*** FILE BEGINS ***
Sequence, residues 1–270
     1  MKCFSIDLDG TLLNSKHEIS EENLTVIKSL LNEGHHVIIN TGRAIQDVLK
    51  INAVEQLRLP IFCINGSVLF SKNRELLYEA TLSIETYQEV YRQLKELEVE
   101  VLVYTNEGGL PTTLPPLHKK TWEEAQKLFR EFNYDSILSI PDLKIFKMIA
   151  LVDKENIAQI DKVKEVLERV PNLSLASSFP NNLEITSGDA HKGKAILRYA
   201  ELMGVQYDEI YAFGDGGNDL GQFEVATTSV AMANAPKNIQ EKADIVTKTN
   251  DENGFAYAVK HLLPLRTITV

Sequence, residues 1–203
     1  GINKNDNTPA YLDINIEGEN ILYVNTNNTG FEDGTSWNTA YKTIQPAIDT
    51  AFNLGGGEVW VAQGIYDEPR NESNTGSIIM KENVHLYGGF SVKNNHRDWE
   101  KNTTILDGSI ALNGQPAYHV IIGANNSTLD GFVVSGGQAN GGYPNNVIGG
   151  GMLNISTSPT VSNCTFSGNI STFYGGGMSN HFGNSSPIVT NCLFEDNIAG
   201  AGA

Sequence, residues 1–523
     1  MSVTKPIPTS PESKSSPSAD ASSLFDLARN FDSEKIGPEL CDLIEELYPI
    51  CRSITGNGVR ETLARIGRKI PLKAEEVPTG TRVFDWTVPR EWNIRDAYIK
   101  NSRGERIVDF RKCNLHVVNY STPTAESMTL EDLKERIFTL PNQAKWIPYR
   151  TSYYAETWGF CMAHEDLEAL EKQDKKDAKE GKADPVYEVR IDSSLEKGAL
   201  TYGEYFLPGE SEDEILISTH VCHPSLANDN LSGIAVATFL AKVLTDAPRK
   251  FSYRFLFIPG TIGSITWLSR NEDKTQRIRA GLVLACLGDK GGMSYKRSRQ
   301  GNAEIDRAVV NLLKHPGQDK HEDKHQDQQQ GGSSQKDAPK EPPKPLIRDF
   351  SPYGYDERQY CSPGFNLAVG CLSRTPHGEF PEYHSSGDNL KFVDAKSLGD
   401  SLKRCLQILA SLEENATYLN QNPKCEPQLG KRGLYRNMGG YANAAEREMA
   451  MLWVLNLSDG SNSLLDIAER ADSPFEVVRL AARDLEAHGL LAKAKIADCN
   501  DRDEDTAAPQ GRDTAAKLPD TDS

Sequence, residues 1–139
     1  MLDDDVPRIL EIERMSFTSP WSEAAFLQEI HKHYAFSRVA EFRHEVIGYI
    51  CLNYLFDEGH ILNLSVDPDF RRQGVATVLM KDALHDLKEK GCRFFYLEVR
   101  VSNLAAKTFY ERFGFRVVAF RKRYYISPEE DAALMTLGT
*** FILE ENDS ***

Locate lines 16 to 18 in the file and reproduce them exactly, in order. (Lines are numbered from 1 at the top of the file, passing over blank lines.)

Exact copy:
    51  CRSITGNGVR ETLARIGRKI PLKAEEVPTG TRVFDWTVPR EWNIRDAYIK
   101  NSRGERIVDF RKCNLHVVNY STPTAESMTL EDLKERIFTL PNQAKWIPYR
   151  TSYYAETWGF CMAHEDLEAL EKQDKKDAKE GKADPVYEVR IDSSLEKGAL